Worker dies after falling four storeys while trying to enter a boom lift in Boon Lay

The worker was employed by Success Engineering and Steel Success, which is involved in an ongoing project at the site of the accident. PHOTO: SUCCESS ENGINEERING & STEEL PTE LTD/FACEBOOK

SINGAPORE - A migrant worker died on Monday (Nov 15) after falling from the fourth storey of a building that was under construction in Boon Lay.

The Ministry of Manpower (MOM) said the fatal accident occurred at 22 Chin Bee Road.

The 35-year-old Indian national, employed by Success Engineering and Steel, was trying to board the platform of a boom lift from the fourth storey of the building when he slipped and fell to the ground.

He was taken to Ng Teng Fong General Hospital, where he died from his injuries.

MOM said it is investigating the incident and has instructed Logistics Construction, the occupier of the worksite, to stop all works there.

In an Oct 17 Facebook post, Success Engineering and Steel said it was involved in an ongoing project to build a food processing factory at 22 Chin Bee Road.

It is the second time this year Logistics Construction has been ordered to stop work at the site.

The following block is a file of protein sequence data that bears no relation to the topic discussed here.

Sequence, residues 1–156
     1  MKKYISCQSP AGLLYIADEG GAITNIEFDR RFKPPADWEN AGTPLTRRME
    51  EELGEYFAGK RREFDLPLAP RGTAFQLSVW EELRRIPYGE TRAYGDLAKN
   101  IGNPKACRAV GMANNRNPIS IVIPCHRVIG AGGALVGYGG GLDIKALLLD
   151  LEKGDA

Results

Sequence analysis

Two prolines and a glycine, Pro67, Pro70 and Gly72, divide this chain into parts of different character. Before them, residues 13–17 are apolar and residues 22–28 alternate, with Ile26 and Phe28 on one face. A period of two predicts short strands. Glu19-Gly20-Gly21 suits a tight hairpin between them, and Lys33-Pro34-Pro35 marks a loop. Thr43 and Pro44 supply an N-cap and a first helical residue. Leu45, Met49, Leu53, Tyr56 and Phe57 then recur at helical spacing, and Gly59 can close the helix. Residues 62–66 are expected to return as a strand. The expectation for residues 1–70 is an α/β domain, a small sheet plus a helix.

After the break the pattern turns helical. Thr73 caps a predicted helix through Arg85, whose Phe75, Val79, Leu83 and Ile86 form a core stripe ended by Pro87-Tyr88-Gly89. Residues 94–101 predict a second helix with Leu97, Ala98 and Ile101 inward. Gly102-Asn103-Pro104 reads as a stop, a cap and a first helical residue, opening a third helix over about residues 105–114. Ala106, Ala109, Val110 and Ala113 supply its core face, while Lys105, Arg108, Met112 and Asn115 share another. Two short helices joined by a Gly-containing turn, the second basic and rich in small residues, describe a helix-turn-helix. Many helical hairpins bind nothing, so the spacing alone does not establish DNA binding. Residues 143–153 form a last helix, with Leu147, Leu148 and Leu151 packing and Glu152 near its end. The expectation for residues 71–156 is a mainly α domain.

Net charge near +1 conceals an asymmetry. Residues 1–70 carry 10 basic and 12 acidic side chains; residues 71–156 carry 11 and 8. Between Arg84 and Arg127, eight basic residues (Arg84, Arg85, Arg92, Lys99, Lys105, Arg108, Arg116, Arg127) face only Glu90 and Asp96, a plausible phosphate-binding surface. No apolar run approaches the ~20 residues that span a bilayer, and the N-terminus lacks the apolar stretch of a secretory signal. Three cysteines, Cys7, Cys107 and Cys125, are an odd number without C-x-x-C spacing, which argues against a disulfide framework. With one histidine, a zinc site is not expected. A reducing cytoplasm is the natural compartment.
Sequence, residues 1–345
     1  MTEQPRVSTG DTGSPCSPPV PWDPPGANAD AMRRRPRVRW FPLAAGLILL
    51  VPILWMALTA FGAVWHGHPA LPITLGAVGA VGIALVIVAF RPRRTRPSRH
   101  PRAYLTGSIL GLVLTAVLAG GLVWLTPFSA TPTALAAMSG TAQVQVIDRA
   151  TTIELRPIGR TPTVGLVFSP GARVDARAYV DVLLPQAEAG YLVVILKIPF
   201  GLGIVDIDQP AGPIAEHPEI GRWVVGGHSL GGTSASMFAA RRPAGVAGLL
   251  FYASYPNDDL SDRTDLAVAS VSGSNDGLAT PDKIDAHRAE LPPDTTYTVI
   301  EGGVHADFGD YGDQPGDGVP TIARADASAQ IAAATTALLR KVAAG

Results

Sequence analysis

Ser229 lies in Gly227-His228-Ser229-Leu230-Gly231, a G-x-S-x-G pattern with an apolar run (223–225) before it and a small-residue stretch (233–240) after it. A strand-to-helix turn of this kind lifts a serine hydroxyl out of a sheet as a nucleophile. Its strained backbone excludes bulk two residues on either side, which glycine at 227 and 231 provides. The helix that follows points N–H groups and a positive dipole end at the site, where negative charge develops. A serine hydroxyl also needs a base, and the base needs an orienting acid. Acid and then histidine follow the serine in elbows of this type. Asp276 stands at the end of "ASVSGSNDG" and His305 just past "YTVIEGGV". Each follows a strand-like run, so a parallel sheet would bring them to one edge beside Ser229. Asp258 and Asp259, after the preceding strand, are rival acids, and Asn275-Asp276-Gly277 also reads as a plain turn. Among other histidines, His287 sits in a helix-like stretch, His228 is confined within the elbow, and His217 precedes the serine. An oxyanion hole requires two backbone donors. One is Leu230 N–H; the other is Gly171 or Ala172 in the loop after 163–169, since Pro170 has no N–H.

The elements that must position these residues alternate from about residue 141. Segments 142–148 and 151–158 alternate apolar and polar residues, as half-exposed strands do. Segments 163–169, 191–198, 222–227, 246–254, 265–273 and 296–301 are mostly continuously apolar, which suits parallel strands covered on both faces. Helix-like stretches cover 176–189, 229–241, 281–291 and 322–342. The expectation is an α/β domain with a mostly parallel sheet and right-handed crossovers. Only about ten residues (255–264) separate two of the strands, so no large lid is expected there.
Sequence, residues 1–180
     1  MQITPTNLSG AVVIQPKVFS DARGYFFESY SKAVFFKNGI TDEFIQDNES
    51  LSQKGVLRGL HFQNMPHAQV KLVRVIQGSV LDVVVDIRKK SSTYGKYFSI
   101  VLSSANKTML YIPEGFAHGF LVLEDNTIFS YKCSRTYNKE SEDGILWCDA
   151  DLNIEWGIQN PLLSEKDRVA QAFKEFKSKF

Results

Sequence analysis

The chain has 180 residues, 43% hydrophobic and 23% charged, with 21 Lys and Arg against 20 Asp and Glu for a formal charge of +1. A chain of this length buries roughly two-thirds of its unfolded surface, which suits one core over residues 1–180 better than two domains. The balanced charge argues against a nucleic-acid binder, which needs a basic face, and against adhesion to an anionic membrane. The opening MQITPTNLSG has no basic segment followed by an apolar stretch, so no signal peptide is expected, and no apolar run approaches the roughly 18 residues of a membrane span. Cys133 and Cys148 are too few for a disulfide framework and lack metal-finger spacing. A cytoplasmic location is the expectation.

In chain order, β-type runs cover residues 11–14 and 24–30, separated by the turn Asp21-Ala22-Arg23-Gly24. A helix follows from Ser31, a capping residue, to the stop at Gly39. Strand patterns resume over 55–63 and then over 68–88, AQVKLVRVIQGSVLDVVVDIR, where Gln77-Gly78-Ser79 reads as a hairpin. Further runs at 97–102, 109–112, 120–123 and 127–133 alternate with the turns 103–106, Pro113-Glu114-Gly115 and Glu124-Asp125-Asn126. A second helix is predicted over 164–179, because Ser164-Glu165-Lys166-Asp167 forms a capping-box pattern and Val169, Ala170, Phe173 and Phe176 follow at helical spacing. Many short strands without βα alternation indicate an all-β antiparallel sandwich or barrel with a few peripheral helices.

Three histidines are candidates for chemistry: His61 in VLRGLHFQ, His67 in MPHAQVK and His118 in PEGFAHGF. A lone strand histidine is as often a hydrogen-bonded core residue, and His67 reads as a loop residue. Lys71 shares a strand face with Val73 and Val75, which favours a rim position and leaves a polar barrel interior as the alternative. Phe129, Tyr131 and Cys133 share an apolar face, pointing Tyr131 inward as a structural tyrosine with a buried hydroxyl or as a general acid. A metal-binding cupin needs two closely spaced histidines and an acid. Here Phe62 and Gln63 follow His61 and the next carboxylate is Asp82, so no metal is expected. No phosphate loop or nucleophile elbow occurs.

It was also told to do so from June 22 to July 9, according to MOM's website, which did not state a reason for the order.

The latest fatality takes the total number of workplace deaths so far this year to 33, compared with 30 workplace deaths reported in the whole of 2020.

According to the Workplace Safety and Health Council's code of practice for working safely at heights, mobile elevated work platforms like boom lifts are not specifically designed for people to enter or exit at a height.

This should be considered as an option only if entering and exiting the platform at a height is not prohibited by the platform manufacturer, there are no other practical ways to access the floor or work area, and a thorough risk assessment has been conducted.

Workers should also be wearing safety harnesses with a lanyard that is properly anchored to the designated anchor point on the platform.

They must be able to use a "100 per cent tie-off" - a lanyard system that protects workers from falls while they are transferring from one anchor point to another.

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